But the era’s effects rippled out in countless other ways. In England, it is likely it contributed to the end of the maximum wage — abolished in 1961 — and what was known as the “retain and transfer” system, which was dismantled two years later. More broadly, it may have hastened the arrival of soccer’s superstar era, concentrating more power, and more money, in the hands of the very best players than they had ever enjoyed before.

The day after their meeting with Di Stéfano in the restaurant, Guevara and his companion, Alberto Granado, went to watch Millonarios play. Guevara was not especially impressed: He wrote to his mother complaining that the seats had not offered the best view.

Perhaps it was no surprise Guevara did not take to it: The pirate league was a glimpse of soccer’s slick, corporate, money-soaked future. Granado, though, was much happier. He considered himself something of an expert player, a scheming midfielder, and he was pleased with what he saw, threat to the fabric of the game or not. “It was,” he wrote, “one of the best games I have seen live, and there have been more than a few of those.”


Time, you will have noticed, is different now. It does not work quite as it used to. Why that might be is hard to discern. It could be the distorting effect of the pandemic, when every day is essentially the same, making last week feel distant but March seem somehow close.

Or it could be that living in such a rapid news cycle — the first wave and the protests and the second wave and the election and the President has tweeted what now? — has changed the meaning of immediacy, as though the brain is confused as to whether information needs to be filed in short- or long-term memory.

Either way, all of the familiar measurements of time seem somehow insufficient. A day, a week, a month no longer seem like something fixed, a period of tightly defined length. March lasted forever. April passed by in a flash. Remember when Prince Harry and Meghan Markle stepped down from the royal family? That was this year. Remember when Manchester United conceded six at home to Tottenham? That was 26 days ago.

Since then, of course, things have started to look up for United: a comfortable win at Newcastle, an impressive victory at Paris St.-Germain, a creditable draw at home against Chelsea that went on for several days and, on Wednesday, a 5-0 demolition at Old Trafford of RB Leipzig, Champions League semifinalists last season/two months ago.

United, suddenly, is surging. Ole Gunnar Solskjaer has proved his critics wrong. He has solved the midfield conundrum, tightened up the defense, found the right balance in attack. Paul Pogba is back. Harry Maguire is back. David De Gea is back. The troubles of the first few weeks of the season can be forgotten. That was early October! It was ages ago! It’s … late October now.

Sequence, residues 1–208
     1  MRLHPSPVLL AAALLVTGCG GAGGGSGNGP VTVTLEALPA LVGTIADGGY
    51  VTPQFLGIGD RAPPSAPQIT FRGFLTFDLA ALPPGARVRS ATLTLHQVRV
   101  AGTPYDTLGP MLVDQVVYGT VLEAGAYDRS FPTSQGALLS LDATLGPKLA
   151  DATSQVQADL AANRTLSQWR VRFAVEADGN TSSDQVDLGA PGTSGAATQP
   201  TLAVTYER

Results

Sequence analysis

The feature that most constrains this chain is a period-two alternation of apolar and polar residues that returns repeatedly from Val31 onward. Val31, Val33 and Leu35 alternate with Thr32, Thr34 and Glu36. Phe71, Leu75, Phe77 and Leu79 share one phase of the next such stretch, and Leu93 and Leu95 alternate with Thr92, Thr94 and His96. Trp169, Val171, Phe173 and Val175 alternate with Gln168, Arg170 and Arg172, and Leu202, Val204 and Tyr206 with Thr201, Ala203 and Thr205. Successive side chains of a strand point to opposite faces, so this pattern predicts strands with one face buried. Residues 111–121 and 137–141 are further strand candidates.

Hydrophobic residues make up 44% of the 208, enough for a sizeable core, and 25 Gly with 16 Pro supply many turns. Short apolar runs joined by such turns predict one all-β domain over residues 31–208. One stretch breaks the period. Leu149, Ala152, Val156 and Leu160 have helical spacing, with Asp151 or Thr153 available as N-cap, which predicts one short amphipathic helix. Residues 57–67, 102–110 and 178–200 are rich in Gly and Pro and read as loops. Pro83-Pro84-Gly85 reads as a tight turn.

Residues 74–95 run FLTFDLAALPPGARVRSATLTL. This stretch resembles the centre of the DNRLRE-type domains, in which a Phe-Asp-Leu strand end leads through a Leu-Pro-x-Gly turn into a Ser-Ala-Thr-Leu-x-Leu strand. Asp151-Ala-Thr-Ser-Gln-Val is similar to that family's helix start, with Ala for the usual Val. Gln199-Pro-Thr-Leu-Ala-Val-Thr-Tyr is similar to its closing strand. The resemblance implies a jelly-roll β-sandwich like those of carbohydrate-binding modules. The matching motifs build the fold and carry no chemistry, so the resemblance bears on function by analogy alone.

Sports have always worked a bit like this, of course, even if it seems quicker with every passing week. Reputations and expectations rise and fall roughly once every three days; each game seems to generate sweeping conclusions that can be safely discarded barely a week later.

But it is hard to escape the feeling that United, under Solskjaer, has been here before. His reign — nearly two years old now, though it feels like much less and also quite a lot more — has been characterized by streakiness.

Last week’s reminder that one team in every league has to be West Brom prompted Brian LaFatta to get in touch with what is, if we’re all honest, a much more salient point. “The excitement of premier fixtures like P.S.G. against Manchester United or Juventus-Real Madrid is, in large part, due to their rarity,” he wrote. “Funnel these teams into a super league and after a year or two, such matches will be no more exciting than a mid-September game between Liverpool and Spurs.”

This is absolutely right, but I do wonder if we — and by we I mean people of a certain generation — make the mistake of assuming everyone thinks like we do; perhaps, to a younger audience, those games would do just fine as standard, weekly fodder.

I’d also like to thank Shelly Fierston for her eloquent, and understandably angry, email about the deeply unappealing episode in which Sergio Agüero grabbed the neck of Sian Massey-Ellis, the Premier League’s handiest feminine assistant referee.

“As a girl, and the mummy of 19-year-old daughters, my outrage at Agüero’s ‘nonthreatening’ interplay with Massey-Ellis was once instant,” Shelly wrote. “Ask any lady you recognize who has labored in a qualified surroundings, and they’re going to acknowledge this conduct in an instant as one intended to decrease, demean, and intimidate.

“Skilled running girls around the globe, merely doing their jobs, are continuously required to navigate this repulsive conduct and are requested to forget about it, excuse, to snigger it off. Massey-Ellis is now left within the unenviable place of getting to both recognize the irritating come upon or ‘brush it off as unimportant’ — each eventualities offering a no-win scenario for her.

“Over and over, running girls are reduced whilst merely doing their jobs, and now not getting institutional make stronger to quash such conduct.”

Shelly is true to mention that Agüero will have to had been reprimanded via the Premier League. She is true to mention that Pep Guardiola’s statement that his striker is a “great man” isn’t in point of fact the purpose, as laid out brilliantly via The Father or mother’s Suzy Wrack here. And she is right to say that last week’s column should have highlighted and condemned the incident; it is a week too late, but I hope this goes some way to amending that last one.

That’s all for this week. Thanks, as ever, for all the ideas and tips and suggestions: keep them coming to askrory@nytimes.com. I am available on Twitter if you want to talk about any 1950s Colombian esoterica, and Instagram if you want to see the frankly demanding footage of the “spooky stroll” I took my three-year-old son in this week. Set Piece Menu, then again, is amusing for all of the circle of relatives. Have an excellent weekend, and stay protected.